Use more than one 'options' definition depending on your data!

Here you can see some examples of color-coded polylines. For a description how to use this little Leaflet-Plugin, please go to the Github page of this project.


Takes the (optional) `alt` property from LatLng and selects a color (blue, green, yellow, orange, red) depending on altitude (meters above sea level).

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Incline (Clustered)

This example is the most complex of all. It splits all LatLngs into about 60 groups (slots). The option-index is calculated for the whole group and then stored in the function context. LatLngs from the same group can take this cached option-index, so we can save CPU.

Background: the incline is often measured in meter/hour and is a measurement how fast you climb on mountains. For MTB a value of 600-900 m/h is quite ambitious.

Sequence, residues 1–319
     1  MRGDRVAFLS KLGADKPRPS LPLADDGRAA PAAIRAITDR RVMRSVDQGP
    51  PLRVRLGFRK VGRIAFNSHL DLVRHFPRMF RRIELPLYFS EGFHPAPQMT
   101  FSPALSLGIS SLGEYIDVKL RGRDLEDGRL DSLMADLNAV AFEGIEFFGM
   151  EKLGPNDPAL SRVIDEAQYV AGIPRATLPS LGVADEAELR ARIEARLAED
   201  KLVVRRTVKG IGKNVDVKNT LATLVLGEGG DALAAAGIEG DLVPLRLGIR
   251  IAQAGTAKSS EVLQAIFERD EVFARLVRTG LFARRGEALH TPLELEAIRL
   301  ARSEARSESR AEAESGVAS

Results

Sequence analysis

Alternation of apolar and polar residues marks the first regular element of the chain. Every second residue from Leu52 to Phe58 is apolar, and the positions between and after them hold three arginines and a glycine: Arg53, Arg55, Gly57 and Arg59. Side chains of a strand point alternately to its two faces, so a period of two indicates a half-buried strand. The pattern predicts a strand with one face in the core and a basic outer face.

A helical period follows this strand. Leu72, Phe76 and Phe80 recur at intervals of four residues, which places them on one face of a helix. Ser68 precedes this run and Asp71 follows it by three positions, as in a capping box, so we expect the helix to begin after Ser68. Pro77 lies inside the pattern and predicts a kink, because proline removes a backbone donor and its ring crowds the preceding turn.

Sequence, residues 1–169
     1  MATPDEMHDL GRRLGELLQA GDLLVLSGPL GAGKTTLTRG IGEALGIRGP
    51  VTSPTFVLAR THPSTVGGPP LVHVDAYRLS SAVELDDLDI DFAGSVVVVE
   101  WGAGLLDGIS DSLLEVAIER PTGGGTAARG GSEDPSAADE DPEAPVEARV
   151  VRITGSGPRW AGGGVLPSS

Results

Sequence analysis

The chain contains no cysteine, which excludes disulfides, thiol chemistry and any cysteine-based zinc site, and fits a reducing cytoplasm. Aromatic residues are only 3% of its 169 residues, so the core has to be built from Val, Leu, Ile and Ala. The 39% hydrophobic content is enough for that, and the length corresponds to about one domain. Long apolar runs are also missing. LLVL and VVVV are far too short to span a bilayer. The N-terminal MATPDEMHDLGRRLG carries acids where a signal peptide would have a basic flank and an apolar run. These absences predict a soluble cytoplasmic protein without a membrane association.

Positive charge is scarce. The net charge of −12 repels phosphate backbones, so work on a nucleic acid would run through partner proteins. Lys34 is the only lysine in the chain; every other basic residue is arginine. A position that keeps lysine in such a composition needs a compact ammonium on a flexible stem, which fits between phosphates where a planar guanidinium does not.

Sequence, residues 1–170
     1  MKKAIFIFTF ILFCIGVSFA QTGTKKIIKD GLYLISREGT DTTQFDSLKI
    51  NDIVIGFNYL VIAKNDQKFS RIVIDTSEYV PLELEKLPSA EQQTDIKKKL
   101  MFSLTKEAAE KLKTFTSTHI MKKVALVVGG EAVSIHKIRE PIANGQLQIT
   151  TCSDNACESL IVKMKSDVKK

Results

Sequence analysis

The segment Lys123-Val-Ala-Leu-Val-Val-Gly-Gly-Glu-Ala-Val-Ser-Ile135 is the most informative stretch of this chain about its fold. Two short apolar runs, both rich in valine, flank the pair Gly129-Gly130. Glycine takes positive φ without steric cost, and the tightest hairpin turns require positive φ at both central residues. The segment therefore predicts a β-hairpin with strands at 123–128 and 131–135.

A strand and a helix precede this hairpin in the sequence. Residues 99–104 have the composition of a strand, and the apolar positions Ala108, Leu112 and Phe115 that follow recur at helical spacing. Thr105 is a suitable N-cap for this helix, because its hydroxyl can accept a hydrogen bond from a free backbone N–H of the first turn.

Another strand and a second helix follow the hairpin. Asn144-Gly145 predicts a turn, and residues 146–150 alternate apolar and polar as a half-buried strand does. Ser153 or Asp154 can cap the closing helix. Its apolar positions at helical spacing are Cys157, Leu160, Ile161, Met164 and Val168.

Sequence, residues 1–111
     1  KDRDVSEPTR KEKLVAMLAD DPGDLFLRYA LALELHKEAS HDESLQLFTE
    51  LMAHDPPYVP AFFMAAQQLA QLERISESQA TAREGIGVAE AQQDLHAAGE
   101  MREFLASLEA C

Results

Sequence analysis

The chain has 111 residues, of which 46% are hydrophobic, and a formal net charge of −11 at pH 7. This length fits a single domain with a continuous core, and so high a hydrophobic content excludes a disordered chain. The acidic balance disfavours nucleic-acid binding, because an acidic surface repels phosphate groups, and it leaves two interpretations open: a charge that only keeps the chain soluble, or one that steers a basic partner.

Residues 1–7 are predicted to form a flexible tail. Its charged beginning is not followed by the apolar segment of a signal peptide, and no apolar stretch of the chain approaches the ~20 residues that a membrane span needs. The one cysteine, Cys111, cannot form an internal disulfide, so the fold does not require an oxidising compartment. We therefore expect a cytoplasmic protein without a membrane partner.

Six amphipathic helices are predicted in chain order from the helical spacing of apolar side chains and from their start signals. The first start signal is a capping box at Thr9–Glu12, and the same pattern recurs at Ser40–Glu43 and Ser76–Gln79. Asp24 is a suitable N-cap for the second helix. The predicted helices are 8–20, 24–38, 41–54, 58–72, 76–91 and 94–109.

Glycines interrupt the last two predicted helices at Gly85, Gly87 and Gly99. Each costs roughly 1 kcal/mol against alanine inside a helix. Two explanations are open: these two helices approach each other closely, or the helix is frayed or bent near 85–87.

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This is easy. The value in `` is the current heartrate in beats per minute.
During a workout, in this case mountaineering, the heartrate can get to its limit.
This graphic shows the color-coded heartrate from <100 (dark blue), over the target zone (between 120 and 150 bpm, shades of green) and above in yellow, orange and red (above 165 beats per minute).

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Tri-colored dashed line

This example changes color every 3 LatLng points (only 3 different colors).
A much more involved task would be to change color after a particular distance.

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Here you have a ride by car of a guy who seems to drive too fast sometimes (a personally don't know him/her).
Speed is color-coded from shades of blue (<= 40 km/h), shades of green (> 40 km/h until 55 km/h) and above it's getting yellow, orange and red.
Speed is calculated by `LatLng.distanceTo()` and `latLng.meta.time`.

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Tiles Courtesy of MapQuest